Additionally, secondary legislation under the Climate Change Act 2008 will be enacted in November 2020, providing for: (i) the free allocation of UK ETS allowances to sectors at highest risk of carbon leakage (largely mirroring the EU ETS’s policy under Phase IV), and (ii) the UK ETS registry for holding UK ETS allowances.

In the event the government negotiates a linked UK-EU ETS, legislation providing for a linked system is projected to be laid in the first half of 2021.

Carbon Emissions Tax Consultation

The government’s consultation on the potential carbon emissions tax (the Consultation) is open until 29 September 2020. The Consultation discusses the aspects of the carbon tax that have already been legislated, and seeks views on HMRC’s proposals for the operation of the new tax. The government has described the new carbon emissions tax as a “fallback carbon pricing option”.

Legislated aspects of the carbon emissions tax

Scope and liability

The Consultation explains that both “main scheme installations” and “small emitters” under the EU ETS would become a taxable person under the carbon emissions tax. Holders of permits issued under the EU ETS before 2021 would be liable to pay the carbon emissions tax from 2021, if they emit above the tax emission allowance set for their installation. Regulators will make minor amendments to permits to reflect the end of participation in the EU ETS, as well as to highlight the permit holder’s liability to carbon emissions tax (if the tax is introduced).

For those taxable persons, the permit holder would be liable on 31 March each year to pay the carbon emissions tax on each tonne of CO2 above their allowance for the previous calendar year. This rule would apply even if there were a change of permit holder within this period; those taking over a permit should therefore consider their liability for tax on emissions made before the permit was transferred to them.

Determining the level of emissions

To calculate tax liability, HMRC would utilise data from an installation’s annual emissions report. The Consultation states that the utilisation of data that regulators already hold on installations (e.g. names, addresses, and details about their level of emissions) would reduce the administrative burden on businesses by removing the need to submit tax returns.

Aspects yet to be legislated

The Consultation seeks views on the following proposals for the operation of the carbon emissions tax:

  • Tax emission allowances: Installations that would not have been eligible for free allowances under Phase IV of the EU ETS would pay tax on all their emissions (as their tax emission allowance would be zero). The methodology for calculating the tax emission allowances for each applicable installation will be laid out in secondary legislation later this year; however, the Consultation notes that the methodology will be largely the same as that calculating the level of free allocation of allowances under a UK ETS. The government will publish confirmed tax emissions allowances annually in the fall of the relevant tax year, beginning in the fall of 2021.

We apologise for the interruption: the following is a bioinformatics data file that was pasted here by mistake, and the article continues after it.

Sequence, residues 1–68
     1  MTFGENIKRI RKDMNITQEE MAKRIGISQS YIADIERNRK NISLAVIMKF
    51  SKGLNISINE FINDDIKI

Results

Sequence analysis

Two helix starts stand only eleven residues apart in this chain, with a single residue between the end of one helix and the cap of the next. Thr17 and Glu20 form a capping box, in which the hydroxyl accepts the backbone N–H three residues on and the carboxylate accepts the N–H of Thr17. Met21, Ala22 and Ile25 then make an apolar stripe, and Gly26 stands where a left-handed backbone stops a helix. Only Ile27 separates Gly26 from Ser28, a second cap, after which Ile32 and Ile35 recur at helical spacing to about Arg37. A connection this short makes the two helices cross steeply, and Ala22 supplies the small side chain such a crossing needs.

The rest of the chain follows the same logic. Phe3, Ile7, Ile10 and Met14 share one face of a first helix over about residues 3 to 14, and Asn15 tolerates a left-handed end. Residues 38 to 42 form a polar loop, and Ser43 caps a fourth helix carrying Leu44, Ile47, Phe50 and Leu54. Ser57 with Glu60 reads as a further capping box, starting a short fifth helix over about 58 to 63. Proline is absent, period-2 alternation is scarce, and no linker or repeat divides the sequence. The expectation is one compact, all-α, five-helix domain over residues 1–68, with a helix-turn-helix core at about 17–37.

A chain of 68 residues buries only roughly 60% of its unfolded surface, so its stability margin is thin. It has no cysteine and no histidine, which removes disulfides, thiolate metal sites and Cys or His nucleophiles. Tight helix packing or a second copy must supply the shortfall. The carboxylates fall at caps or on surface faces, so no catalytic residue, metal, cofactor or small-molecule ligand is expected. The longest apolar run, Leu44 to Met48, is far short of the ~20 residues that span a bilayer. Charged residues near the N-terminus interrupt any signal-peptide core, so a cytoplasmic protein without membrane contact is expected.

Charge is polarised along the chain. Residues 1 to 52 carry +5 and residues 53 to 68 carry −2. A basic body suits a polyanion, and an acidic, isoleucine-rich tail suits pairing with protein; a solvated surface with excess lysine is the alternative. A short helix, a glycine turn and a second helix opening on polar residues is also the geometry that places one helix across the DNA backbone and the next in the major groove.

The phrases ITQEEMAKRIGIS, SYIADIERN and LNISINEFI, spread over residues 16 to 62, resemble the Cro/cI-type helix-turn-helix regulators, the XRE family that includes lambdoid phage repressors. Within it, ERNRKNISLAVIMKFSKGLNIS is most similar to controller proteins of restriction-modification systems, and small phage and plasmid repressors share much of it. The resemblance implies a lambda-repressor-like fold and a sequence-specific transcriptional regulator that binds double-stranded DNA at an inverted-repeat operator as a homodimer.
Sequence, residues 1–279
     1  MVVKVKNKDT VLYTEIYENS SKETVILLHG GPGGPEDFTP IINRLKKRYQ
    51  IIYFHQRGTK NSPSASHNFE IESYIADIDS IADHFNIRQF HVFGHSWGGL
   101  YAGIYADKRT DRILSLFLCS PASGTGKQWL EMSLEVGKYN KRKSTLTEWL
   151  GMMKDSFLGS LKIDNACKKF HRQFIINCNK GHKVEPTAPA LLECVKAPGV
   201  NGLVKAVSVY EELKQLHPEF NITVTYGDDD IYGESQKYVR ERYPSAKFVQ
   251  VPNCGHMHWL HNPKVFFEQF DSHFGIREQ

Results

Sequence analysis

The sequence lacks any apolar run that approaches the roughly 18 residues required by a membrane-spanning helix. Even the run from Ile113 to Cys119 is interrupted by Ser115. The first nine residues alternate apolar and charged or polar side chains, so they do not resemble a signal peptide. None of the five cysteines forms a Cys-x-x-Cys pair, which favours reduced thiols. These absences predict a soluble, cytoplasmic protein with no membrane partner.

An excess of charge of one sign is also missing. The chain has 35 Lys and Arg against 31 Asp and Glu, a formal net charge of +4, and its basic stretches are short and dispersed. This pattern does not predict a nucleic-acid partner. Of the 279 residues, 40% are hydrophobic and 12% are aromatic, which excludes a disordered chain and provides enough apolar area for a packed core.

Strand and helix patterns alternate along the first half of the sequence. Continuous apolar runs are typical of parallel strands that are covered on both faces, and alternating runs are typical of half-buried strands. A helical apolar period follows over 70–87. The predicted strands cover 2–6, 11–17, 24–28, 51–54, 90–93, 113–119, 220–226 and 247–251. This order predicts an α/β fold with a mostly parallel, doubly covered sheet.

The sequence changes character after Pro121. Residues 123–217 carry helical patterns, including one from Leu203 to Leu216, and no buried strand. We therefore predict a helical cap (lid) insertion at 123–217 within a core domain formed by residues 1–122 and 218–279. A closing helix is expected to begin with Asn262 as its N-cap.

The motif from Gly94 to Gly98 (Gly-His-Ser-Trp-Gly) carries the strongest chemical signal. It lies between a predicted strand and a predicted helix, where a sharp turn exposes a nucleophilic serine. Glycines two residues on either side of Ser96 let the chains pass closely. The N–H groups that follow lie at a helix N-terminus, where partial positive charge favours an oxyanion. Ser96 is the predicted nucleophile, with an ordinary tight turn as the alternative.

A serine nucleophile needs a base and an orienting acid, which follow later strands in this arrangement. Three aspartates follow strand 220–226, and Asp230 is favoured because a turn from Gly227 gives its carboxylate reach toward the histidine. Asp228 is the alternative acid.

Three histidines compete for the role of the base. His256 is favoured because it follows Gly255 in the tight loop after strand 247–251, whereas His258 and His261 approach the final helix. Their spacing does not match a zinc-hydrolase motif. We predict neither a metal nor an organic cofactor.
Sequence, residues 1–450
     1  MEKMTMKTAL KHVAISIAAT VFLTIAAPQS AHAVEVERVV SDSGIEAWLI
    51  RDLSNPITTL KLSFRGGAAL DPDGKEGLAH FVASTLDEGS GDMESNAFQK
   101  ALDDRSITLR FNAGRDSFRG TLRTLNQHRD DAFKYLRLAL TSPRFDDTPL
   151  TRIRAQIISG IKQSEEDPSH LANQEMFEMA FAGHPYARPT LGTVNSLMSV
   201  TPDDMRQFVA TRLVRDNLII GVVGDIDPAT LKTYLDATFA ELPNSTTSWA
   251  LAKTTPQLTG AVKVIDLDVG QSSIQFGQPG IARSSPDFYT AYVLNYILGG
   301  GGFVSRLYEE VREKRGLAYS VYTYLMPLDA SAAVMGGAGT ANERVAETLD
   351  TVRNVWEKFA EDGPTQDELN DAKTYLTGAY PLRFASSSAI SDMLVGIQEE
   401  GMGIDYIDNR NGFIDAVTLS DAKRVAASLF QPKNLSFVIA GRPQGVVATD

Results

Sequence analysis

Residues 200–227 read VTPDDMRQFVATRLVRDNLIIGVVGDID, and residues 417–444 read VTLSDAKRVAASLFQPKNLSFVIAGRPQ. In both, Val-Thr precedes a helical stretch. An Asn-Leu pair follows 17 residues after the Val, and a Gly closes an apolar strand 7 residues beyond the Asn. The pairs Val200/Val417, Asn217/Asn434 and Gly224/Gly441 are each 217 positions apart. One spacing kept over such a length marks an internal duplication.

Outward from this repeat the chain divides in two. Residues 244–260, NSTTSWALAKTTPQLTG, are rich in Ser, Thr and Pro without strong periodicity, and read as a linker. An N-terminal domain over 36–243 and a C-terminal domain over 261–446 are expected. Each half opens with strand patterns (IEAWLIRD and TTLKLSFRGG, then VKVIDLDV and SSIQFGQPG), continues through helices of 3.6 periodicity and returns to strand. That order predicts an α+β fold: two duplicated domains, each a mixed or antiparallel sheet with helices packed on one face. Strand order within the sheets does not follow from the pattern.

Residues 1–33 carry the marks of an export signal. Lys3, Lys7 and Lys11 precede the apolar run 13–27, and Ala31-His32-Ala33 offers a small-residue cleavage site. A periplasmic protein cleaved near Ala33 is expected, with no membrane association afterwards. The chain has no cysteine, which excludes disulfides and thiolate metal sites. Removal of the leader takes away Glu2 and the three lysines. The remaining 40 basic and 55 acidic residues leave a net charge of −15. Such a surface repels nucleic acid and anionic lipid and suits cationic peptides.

• Rate of tax in 2021 and 2022: The government proposes to set the carbon emissions tax rate using EU ETS price data. Additionally, the government proposes adjusting the tax rate downwards if it turns out to be higher than the average EU ETS auction clearing prices in 2021 and 2022 by £1 or more.
  • Payments to reward decarbonisation for main scheme installations: The government proposes to introduce a payment system rewarding any main scheme installations that reduce their emissions beneath their tax emissions allowance, if the reductions result from genuine steps to decarbonise (as opposed to a reduction in activity). The Consultation seeks views specifically on the eligibility criteria for the payments, how to measure the decarbonisation of activities, the verification of data, the payment rate, and the timing of payments.
  • Process: HMRC would send a carbon emissions tax bill to each installation that emitted in excess of its tax emissions allowance over the emissions reporting period in August of each year (starting in 2022). The deadline for payment of the tax would be 30 days from the date the tax bill was issued.
  • Enforcement: HMRC would be responsible for enforcement and compliance with the tax. Regulators would be responsible for enforcement and compliance with emissions and activity level monitoring and reporting. Permit holders would continue to be liable for civil penalties for breaching permit obligations, or for failing to report activity level changes. Permit holders will have the right to request a review from the authorities, and then appeal to the First-tier Tribunal (Tax).

Additionally, the Consultation seeks views on how the tax may evolve in the future, in order to help deliver the UK’s net-zero target. The Consultation suggests potentially broadening the scope of the tax (e.g. to other sectors) after 2021. Additionally, the Consultation seeks views on how the carbon emissions tax might support the emergence of new negative emissions technologies and industries (e.g. direct air capture, bioenergy, or carbon capture and storage).